2. Add borax equal to 0.625 times the weight of the citric acid determined above, which should give the desiredpI-I. Determine the pH, which will ordinarily lie between pH 3.4 and 3.6. This range is not absolutely essential to successful operation, but it does give good results. Therefore, if the pH lies substantially outside this range, I prefer to make suitable adjustment, as by means of citric acid or sodium bicarbonate. Another acid, or another salt, such as, for example, additional borax, may be used. Consideration should be given to the use for which the product is intended in making the choice of reagent here. Allow the juice to settle and then separate the slurry, as by centrifuging.

3. To obtain from this juice that has a constant pH, a feed mix having a constant acidity, which experience has shown may suitably be put at 34.5%, as citric; acid, the following equation may be employed to determine the amount of boric acid required for any given mixture:

- Weight anhydrous citric acid l00 34 5 converts it to the anhydrous basis. The equation simplifies to: I

Weight boric acid required =2.9 weight anhydrous citric acid-weight total juice solids 0.528 X weight borax added. I

4. The feed mix is preferably heated to about 120 F. to assist in effecting solution of the boric acid. 1

5. The mixture is then dried. I prefer spray drying, although I do not wishto be understood as inferring that this is the only method that may be employed. Any suitable method may be used with satisfaction.

6. Place a suitable amount, say pounds, of the spray dried powder in a mixer.

'7. Moisten 78.6 pounds of granular boric acid with 1 quart of water and add to the above powder while agitating in the mixer. Mix until a harsh rattling of the granules'indica-tes substantially complete combination of the waters,

The granules are then sized to a suitable size, and may be driedin a current of warm air, for example, about 100-212 F.

The product may now be packaged.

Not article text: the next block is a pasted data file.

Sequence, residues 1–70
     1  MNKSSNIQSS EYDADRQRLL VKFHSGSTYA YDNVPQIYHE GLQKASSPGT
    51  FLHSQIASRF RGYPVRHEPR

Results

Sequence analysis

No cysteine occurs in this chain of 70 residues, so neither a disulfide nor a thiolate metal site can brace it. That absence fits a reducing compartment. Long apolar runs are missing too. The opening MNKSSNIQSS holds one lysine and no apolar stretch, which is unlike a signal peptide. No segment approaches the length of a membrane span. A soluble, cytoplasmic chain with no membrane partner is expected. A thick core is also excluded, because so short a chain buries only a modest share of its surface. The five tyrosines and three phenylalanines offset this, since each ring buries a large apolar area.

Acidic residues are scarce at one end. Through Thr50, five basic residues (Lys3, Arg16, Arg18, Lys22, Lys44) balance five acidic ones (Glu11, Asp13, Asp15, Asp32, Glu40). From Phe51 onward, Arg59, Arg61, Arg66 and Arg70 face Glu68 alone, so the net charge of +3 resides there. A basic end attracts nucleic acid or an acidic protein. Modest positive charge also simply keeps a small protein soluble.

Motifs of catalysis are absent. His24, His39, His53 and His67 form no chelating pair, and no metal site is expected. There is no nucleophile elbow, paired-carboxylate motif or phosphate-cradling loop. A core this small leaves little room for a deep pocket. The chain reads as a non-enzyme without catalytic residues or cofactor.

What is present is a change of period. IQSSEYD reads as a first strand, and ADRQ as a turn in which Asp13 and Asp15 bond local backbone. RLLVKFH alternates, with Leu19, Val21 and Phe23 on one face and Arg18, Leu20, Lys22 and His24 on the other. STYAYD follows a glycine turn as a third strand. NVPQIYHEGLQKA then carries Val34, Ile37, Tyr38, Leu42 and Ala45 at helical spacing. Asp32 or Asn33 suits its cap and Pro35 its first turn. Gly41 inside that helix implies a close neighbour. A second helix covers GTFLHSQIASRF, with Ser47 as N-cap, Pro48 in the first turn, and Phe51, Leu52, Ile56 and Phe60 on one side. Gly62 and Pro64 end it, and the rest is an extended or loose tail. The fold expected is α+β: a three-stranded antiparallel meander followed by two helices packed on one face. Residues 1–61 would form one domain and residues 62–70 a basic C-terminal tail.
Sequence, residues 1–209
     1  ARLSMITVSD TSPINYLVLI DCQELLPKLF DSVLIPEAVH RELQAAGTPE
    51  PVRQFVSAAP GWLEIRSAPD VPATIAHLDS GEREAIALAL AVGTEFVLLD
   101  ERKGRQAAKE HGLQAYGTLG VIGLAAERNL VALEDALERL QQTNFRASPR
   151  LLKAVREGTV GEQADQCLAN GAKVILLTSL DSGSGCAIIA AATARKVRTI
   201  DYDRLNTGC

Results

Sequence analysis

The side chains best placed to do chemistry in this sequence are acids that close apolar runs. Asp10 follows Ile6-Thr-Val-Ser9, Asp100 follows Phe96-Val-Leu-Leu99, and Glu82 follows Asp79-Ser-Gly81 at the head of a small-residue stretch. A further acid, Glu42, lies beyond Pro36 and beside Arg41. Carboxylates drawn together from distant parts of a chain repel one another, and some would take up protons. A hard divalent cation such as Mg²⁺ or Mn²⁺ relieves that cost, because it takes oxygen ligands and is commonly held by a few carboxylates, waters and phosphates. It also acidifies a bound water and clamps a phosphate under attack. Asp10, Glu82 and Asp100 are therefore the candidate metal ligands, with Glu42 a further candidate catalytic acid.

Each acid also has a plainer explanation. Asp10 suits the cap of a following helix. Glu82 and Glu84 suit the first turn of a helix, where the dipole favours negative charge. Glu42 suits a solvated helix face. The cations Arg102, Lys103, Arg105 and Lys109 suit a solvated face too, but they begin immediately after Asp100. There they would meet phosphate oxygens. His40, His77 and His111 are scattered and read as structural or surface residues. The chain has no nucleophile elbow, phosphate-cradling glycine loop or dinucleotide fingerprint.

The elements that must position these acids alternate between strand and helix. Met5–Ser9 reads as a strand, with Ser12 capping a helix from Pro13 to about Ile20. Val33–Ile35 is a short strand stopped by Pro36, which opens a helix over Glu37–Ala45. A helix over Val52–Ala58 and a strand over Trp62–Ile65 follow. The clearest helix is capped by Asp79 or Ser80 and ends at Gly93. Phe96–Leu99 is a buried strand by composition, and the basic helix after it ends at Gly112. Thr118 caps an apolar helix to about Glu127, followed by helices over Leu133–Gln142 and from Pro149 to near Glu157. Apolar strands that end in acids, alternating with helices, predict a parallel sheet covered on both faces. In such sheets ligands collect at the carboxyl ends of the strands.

In the specific embodiments outlined hereinbefore, the juice-solids content of the finished This may vary over rather wide limits, running up to or even above 50%. tical and economic considerations will set the lower limit. For example, a product containing only 1% of juice solids would contain my new composition of matter admixed with excess quantitles of boric acid and/or borax, etc. But such a product seems to me at present to have relatively very small commercial possibilities.

It will be understood that many of the considerations explained above, and much of the detailed discussion, applies equally to the processes illustrated both in Figure 1 and in Figure 2. It is also to be understood that I regard my new product as containing, or consisting of, a new composition, or compositions, of matter. The new composition has a very distinctive lemon yellow color. Apparently only citrus fruits, of the more common fruits, possess the property of forming a. yellow color when dried in the presence of boric acid, and only the lemon produces a brilliant color. Buffering gives a greatly increased stability, including stability of color, when applied to products prepared from the more acid fruits. In addition to forming a new composition of matter with citrus juices, boric acid is capable of acting as a drying aid for juices, generally. For example, an excellent dried enzyme concentrate can be made from pineapple juice. Obviously all such products are not well adapted for use as food products.

In properly dilute solutions, my preferred products are well adapted for use as hair rinses, as well as for other external employment,

While I have described my invention in rather specific embodiments, it obviously is not limited thereto, but includes all those changes and modifications which readily suggest themselves to those skilled in the art.